Also see guideline
Management of a Child with a Bleeding Disorder Background
Most children with severe Haemophilia are treated with prophylactic factor replacement starting between age 1 – 2 years. This is given intravenously, one to three times weekly for severe Haemophilia A, twice weekly for severe haemophilia B. Recombinant factor (Advate or Xyntha – factor VIII; Benefix – factor IX) is the treatment of choice.
Supplies of recombinant factor VIII and factor IX are kept in the fridge in Transfusion Medicine (Haematology laboratory).
All presentations to the Emergency Department should be discussed with the on-call Haematology/Oncology Fellow or Haematologist. Please refer to
Haematology Transfusion Medicine Protocols for further information. Mild Haemophilia is not usually treated with prophylactic factor replacement but can still be a cause of severe bleeding problems and may require urgent factor replacement therapy or DDAVP.
Haemophilia A: Factor VIII deficiency
This is a sex-linked condition due to factor VIII deficiency. Severe cases have <2% factor VIII, moderate cases 2-5% and mild >5%.
Generally started in severe cases over 12 months of age
The main reason for prophylactic treatment is the prevention of haemarthroses, and this becomes more likely as the child starts walking, usually around 12 months of age.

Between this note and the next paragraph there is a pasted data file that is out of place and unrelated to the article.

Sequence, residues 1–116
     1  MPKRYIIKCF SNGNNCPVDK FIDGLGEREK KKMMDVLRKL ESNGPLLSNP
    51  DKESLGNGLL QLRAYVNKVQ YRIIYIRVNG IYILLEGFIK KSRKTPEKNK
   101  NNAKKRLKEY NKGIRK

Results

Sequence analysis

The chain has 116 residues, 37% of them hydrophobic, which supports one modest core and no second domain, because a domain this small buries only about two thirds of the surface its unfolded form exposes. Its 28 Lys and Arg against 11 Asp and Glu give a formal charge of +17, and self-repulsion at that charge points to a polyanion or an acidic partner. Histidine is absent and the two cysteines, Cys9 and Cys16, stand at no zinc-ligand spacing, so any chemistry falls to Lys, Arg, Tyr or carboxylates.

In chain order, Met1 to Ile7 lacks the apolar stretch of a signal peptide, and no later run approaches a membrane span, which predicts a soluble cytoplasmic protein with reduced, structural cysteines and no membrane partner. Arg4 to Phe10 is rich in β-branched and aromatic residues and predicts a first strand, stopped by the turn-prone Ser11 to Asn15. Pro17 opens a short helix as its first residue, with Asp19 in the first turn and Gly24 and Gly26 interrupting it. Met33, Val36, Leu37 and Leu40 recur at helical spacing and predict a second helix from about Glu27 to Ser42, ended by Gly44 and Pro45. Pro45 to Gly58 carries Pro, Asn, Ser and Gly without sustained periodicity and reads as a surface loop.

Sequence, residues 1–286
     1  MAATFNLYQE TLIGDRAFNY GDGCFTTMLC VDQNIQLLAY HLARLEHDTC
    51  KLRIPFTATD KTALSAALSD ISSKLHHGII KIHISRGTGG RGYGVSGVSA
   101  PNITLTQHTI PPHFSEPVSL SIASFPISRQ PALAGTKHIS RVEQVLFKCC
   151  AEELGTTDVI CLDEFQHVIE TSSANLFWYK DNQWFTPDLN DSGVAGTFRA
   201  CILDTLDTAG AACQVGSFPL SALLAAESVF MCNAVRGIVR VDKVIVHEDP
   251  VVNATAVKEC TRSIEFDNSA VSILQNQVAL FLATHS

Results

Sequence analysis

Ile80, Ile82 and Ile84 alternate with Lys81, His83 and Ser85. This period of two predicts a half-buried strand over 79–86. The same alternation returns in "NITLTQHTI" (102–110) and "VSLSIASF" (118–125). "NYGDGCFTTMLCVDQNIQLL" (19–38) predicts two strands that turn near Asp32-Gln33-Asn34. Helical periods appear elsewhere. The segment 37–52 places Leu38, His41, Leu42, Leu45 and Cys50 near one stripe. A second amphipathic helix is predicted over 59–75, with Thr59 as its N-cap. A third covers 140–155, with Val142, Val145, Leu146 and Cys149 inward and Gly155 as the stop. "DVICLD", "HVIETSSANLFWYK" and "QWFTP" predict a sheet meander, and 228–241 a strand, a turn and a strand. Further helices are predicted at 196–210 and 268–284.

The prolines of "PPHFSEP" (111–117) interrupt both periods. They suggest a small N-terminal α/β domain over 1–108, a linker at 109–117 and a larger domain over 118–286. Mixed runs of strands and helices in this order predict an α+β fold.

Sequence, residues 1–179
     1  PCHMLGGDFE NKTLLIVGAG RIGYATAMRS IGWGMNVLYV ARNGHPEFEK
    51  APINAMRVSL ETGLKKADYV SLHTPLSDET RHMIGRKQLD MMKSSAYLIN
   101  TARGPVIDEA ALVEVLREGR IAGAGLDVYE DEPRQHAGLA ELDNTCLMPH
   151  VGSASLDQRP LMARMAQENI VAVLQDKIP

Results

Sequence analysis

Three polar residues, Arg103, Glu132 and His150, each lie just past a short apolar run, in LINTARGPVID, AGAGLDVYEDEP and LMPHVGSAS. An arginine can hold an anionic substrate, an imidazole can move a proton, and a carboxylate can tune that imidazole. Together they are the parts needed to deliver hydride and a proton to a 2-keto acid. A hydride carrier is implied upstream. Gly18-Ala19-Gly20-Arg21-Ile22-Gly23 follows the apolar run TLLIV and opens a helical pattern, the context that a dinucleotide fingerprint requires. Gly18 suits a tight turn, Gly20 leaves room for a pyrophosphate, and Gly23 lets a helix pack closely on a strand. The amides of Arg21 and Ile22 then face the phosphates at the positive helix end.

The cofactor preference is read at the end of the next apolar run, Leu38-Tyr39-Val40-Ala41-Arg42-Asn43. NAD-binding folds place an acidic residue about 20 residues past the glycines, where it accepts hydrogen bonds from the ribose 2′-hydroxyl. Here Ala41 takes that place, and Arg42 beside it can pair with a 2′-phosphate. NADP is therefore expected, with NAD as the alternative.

Despite prophylactic treatment, occasionally these patients may present with spontaneous joint bleeding and may require additional factor therapy.
Approximately 10% of patients with Haemophilia A may develop inhibitors to treatment – usually this occurs in the first ten treatments
Treatment of patients with inhibitors is difficult and may require bypassing agents such as factor VIIa.
Mucosal bleeding is a common problem in young children and can be treated with antifibrinolytic therapy using Tranexamic Acid.
The dose is 15-20mg/kg/dose given TDS orally. Tranexamic Acid comes as 500 mg tablets. For children:
< 25 kg give half a tablet TDS
25-35 kg give one tablet TDS
35-50kg give one and a half tablets TDS
> 50kg give two tables TDS
Advice about specifics of treatment should be sought from a Clinical Haematologist
Treatment should be regarding as
emergency and a dose of factor VIII 50 Units/kg IV given urgently For minor knocks to the head, such as contact with furniture or doors, factor treatment does not need to be administered
Admit to hospital if there is any suspicion of concussion or persistent headache or vomiting
Haemophilia B (Christmas Disease): Factor IX deficiency
This is a sex-linked condition with factor IX deficiency. The presentation is identical to haemophilia A with similar factor levels.
The treatment of choice is recombinant Factor IX (Benefix)
Most patients with severe factor deficiency are treated with prophylactic infusions, given twice weekly
Inhibitors to factor IX are less common but can present with allergic manifestations
The same principles apply as for haemophilia A – give factor IX 50 units/kg IV urgently.
External Review: Catherine Cole (Paediatric and Adolescent Oncologist/Haematologist) – July 2015
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Author / Reviewer
Kids Health WA Guidelines Team
Dr Meredith Borland HoD, PMH Emergency Department
30 July, 2015
30 July, 2015